A security monitoring service is fairly close to traditional software-as-a-service (SaaS) or product-as-a-service (PaaS) methodology. It differs a little from both though and requires a specifically tailored financial model that is nuanced enough to capture the logical structures required to build a proper bottom-up financial forecast for such an industry.
The main revenue and variable costs of this type of operation (and what the assumptions are driven based on) include:

  • Installing equipment at some profit margin (company buys equipment from vendors and sells it to customers at some markup)
  • Customer pays company a security monitoring fee per month so that the installed equipment monitors and does its job
  • Company pays a 3rd party vendor for the costs to supply the monitoring service (this is similar to a SaaS company paying a hosting provider)
  • Customers can move between pricing tiers based on defined assumptions

The basis for how this model works around the above involves up to three pricing tiers and three types of locations. The number of locations added per month can vary in each year and the percentage of locations added that fall into each pricing tier is defined. The equipment costs / margins and monitoring costs are also configurable based on each tier.
There is logic for fixed cost data entry and these costs grow at a defined annual rate. Each has their own start month configuration. There are other cost assumptions as a catch-all defined as a direct percentage of revenue as well as a corporate income tax rate.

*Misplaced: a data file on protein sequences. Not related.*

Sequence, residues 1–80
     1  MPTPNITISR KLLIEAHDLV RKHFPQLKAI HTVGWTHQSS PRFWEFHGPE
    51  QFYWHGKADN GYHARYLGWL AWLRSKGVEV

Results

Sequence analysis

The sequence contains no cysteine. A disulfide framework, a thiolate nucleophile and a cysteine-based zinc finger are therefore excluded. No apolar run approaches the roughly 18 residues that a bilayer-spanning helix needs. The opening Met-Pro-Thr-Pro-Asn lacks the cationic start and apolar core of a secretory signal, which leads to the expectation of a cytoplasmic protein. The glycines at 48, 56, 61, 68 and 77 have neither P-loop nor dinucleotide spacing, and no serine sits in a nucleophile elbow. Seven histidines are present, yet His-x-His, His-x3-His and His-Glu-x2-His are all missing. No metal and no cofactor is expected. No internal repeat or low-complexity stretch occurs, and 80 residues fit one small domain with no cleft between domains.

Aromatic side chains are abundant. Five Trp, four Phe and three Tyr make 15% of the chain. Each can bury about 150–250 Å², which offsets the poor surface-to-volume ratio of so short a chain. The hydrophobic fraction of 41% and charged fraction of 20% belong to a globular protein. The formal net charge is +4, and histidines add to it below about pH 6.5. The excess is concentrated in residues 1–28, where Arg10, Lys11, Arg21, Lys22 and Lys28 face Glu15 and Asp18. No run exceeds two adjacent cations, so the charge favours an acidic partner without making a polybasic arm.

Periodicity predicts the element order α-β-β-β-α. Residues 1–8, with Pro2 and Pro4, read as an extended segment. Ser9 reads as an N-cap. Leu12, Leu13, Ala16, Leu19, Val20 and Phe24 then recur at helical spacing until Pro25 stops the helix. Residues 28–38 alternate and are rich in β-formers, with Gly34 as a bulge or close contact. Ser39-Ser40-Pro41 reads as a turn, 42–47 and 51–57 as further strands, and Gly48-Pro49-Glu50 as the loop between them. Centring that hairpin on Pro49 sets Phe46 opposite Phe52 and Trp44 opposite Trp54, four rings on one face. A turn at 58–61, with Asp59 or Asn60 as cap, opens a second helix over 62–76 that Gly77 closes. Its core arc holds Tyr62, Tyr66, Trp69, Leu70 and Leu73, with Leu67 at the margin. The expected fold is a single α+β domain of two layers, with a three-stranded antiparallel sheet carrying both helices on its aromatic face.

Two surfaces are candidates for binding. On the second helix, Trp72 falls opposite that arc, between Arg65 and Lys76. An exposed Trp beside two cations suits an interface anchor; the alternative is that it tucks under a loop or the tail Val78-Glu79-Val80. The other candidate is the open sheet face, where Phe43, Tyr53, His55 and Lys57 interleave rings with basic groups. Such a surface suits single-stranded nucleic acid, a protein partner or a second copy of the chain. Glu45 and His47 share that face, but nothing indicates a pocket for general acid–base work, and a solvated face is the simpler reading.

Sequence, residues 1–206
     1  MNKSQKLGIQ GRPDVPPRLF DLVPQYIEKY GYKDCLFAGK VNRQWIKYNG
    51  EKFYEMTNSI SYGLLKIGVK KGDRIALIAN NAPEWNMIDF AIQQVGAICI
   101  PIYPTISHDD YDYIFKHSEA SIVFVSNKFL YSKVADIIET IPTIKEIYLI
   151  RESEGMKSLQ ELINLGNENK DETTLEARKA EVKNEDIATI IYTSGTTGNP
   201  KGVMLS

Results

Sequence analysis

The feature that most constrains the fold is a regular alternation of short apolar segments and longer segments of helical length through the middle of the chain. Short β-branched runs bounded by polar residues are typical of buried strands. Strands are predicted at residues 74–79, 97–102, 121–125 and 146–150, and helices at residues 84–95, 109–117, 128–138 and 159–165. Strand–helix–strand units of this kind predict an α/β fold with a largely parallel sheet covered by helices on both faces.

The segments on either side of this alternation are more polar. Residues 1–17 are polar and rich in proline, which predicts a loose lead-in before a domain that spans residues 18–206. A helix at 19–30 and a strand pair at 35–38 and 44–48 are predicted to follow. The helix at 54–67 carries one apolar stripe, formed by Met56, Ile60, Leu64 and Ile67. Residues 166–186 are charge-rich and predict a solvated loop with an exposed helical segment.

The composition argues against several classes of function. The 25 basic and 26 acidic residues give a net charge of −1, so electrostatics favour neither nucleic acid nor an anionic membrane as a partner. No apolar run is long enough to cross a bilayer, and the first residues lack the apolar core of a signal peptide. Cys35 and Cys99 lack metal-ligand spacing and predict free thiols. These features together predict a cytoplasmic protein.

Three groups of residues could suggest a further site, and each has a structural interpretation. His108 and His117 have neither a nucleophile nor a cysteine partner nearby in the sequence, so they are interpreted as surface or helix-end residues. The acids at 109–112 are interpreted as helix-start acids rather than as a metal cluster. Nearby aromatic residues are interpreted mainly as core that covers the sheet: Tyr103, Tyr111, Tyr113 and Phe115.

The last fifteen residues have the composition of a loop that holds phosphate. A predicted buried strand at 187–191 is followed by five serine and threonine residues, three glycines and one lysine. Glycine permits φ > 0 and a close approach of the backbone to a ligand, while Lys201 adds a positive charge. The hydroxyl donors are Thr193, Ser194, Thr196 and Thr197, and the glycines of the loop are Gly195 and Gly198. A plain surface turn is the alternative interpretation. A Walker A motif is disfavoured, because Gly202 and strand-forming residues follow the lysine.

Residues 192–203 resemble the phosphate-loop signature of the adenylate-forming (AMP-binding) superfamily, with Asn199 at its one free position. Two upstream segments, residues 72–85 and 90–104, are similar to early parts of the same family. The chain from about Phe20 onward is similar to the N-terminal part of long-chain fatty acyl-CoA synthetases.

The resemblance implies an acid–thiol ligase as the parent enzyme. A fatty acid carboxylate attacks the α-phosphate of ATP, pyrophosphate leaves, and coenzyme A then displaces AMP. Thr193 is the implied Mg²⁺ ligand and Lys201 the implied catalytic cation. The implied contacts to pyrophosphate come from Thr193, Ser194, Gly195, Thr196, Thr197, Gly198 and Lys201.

Another aspect of security monitoring service companies is service labor. This is configurable based on the cost per hour and the amount charged to customers per the same period for service calls.
Starting inventory can be configured for how much is prepaid for up front (this is to account for a few months before operations get rolling and allows the resulting effect on cash flow to be seen.
Because of the similarities this industry has to PaaS/SaaS, metrics like CaC, CaC payback, CLTV (customer lifetime value), and negative churn can all be tracked and measured. The idea of negative churn can be seen if the number of existing customers that upgrade results in a greater monthly recurring revenue amount compared to the amount of recurring revenue churned from lost customers and downgraded customers.
Final output results include:

  • Monthly and Annual P&L Detail that shows every aspect of the assumptions on a continuous 5-year timeline.
  • DCF Analysis and contribution / distribution summary for the project as a whole and the investor pool (if applicable) and owner pool
  • Annual Executive Summary that displays high level financial line items and cash flow as well as IRR, ROI, equity multiple and a visual
  • 21 visualizations that focus on financial forecasting as well as KPI (key performance metrics)

There is the option for terminal value based on a multiple of annualized revenue in the exit month. Upon exit, all revenue and expenses stop and any debt balance reduces from the terminal value.

One of the key outputs of the model is the minimum equity required and that is based on the aggregation of all assumptions and the timing therein. This means startup costs and any burn that may happen until there is regular positive operating income.

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